Israel Sets up Special HQ to Handle Possible Clashes with Palestinians
Israel's defense ministry has set up a special headquarters to coordinate military and civilian action in the event of clashes with the Palestinians following failure at the Camp David summit, reported AFP, quoting the Yediot Aharonot daily.
The office is to be headquartered is headed by Deputy Defense Minister Ephraim Sneh and the coordinator of Israeli activities in the West Bank and Gaza strip, General Yaacov Or, according to the paper.
The defense ministry would not comment to AFP on the report.
A military spokesman announced that the army was ready to act when needed, given the risk of trouble, adding that the army had not recently increased its capabilities for fear that such a move could heighten tension.
On the Palestinian side, PLO's mainstream 'Fateh' faction has called "a general state of alert" in the event of failure at Camp David, and ahead of a unilateral declaration of independence September 13th.
Palestinian telecommunications minister Imad Falouji warned Thursday of an explosion of violence if Israel makes no compromise at the Camp David summit.
He said that any future conflict with Israel would bring together the Palestinian factions, including Hamas and the Islamic Jihad, which have carried out most of the anti-Israeli attacks since the signing of the Oslo accords in 1993, said the agency.
'RENEWED CLASHES WITH ISRAEL MAY RUIN PALESTINIAN ECONOMY'
An armed conflict with the Palestinians resulting from negative developments in the Camp David peace negotiations will deal a fatal blow to the Palestinian economy, said The Jerusalem Post, according to a report by an Israeli economist.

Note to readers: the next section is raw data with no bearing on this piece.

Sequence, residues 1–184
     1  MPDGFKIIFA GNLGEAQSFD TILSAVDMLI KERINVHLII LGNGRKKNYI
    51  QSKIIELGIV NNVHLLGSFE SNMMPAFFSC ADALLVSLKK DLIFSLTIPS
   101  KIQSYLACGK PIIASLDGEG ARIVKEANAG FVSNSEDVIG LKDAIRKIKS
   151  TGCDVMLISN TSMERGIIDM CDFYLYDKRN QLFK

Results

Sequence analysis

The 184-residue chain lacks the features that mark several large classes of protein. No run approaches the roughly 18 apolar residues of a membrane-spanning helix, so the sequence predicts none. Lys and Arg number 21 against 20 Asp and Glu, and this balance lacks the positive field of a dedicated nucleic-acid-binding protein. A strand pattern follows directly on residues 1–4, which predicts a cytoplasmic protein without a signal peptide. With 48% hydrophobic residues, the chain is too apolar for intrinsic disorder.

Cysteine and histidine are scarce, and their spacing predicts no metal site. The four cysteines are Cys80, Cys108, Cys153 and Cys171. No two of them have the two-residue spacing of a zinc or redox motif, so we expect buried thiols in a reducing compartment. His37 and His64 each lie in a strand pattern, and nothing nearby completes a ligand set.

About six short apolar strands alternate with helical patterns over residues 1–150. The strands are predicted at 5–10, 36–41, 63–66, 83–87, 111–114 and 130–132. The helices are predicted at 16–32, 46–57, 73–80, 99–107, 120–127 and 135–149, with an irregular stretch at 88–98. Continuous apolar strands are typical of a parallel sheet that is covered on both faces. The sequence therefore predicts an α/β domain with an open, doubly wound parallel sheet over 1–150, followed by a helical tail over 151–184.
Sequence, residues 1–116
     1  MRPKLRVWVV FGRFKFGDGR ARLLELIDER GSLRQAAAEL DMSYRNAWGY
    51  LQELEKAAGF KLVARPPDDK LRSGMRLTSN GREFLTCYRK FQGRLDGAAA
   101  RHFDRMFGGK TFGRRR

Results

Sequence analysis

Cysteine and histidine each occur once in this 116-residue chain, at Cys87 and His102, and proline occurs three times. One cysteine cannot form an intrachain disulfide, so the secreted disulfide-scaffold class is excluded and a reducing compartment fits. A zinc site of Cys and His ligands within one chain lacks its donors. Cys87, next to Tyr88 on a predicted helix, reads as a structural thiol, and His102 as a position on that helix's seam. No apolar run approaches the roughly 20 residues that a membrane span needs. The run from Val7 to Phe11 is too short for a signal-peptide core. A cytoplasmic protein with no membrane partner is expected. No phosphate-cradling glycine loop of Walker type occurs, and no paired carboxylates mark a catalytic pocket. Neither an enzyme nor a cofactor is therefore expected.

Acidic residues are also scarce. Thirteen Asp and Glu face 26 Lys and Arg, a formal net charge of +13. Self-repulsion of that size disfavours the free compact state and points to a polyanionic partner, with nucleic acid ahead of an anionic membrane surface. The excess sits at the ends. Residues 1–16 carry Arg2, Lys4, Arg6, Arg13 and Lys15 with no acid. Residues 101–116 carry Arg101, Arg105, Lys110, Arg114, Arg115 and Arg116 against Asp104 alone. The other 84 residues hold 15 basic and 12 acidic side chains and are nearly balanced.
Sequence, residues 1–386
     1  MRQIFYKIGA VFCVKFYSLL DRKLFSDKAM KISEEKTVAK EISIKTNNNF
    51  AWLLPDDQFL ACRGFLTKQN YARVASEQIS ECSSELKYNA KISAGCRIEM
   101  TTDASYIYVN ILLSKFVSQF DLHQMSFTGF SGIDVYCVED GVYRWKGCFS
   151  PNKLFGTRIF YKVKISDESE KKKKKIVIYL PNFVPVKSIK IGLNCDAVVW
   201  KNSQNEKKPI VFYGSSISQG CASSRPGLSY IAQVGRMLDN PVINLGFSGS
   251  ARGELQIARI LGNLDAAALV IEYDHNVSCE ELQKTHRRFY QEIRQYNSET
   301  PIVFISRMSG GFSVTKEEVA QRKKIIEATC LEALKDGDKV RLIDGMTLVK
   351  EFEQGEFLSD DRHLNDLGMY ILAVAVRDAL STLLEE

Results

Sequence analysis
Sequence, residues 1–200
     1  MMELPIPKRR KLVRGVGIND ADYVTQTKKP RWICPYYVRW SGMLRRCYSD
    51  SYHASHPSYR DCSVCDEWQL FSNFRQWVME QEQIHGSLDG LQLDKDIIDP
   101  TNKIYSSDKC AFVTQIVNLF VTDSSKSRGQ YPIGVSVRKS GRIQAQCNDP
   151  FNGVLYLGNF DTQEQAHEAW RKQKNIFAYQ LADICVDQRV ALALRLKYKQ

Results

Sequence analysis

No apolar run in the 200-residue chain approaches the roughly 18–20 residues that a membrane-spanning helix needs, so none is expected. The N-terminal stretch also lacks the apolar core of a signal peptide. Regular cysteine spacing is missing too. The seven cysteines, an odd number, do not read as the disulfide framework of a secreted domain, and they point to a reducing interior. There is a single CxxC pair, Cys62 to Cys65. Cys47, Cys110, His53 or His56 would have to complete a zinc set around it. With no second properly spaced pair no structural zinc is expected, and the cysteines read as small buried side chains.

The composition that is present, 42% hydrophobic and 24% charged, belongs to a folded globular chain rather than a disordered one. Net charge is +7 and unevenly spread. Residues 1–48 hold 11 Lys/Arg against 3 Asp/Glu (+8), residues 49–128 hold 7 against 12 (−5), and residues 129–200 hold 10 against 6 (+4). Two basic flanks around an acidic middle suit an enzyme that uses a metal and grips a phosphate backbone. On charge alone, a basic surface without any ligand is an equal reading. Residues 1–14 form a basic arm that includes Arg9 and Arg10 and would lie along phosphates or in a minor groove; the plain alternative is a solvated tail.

"The Palestinians have something to lose economically," said Roby Nathanson in his report, adding that "ten years ago, they didn't have anything to lose."
An armed conflict will likely exacerbate the current situation by deterring foreign investment, he added.
"We live in an era of globalization that depends on foreign investment. This situation could be a fatal one," Nathanson said. He noted that even Palestinians living abroad hesitate to pour funds into the PA-controlled areas due to instability.
Other areas which could be harmed are trade with Israel and employment, the report said.
According to daily, last year saw a marked improvement in Palestinian unemployment, which fell to 12.7%, from 15.6% in 1998.
Of the rise in employment, 34.4% was due to an increase in the number of Palestinian workers in Israel.
Early 2000 data, however, shows an emerging negative trend in this area, as the number of Palestinians authorized to work in Israel decreased in the first quarter by 1.3% from the same period in 1999. This element can deteriorate further in the event of a confrontation.
The report, titled "The Palestinian Economy," cited the positive economic developments in the economy of the Palestinian autonomous areas last year.
In 1999, annual income per capita reached $1,575, a 1.7% increase over the previous year. Gross domestic product gained 6% and exports to Israel rose by 9% in 1999.
"What we are seeing is a very positive development. All the signs of the infant economy are positive. This includes a diminishing dependency of the Palestinians on the Israeli economy," Nathanson said.
The primary negative area in 1999 was investment in the Palestinian Authority-controlled areas. Excluding the large Gaza electric plant project, investment declined in 1999, the daily reported – (Several Sources)
© 2000 Al Bawaba (www.albawaba.com)
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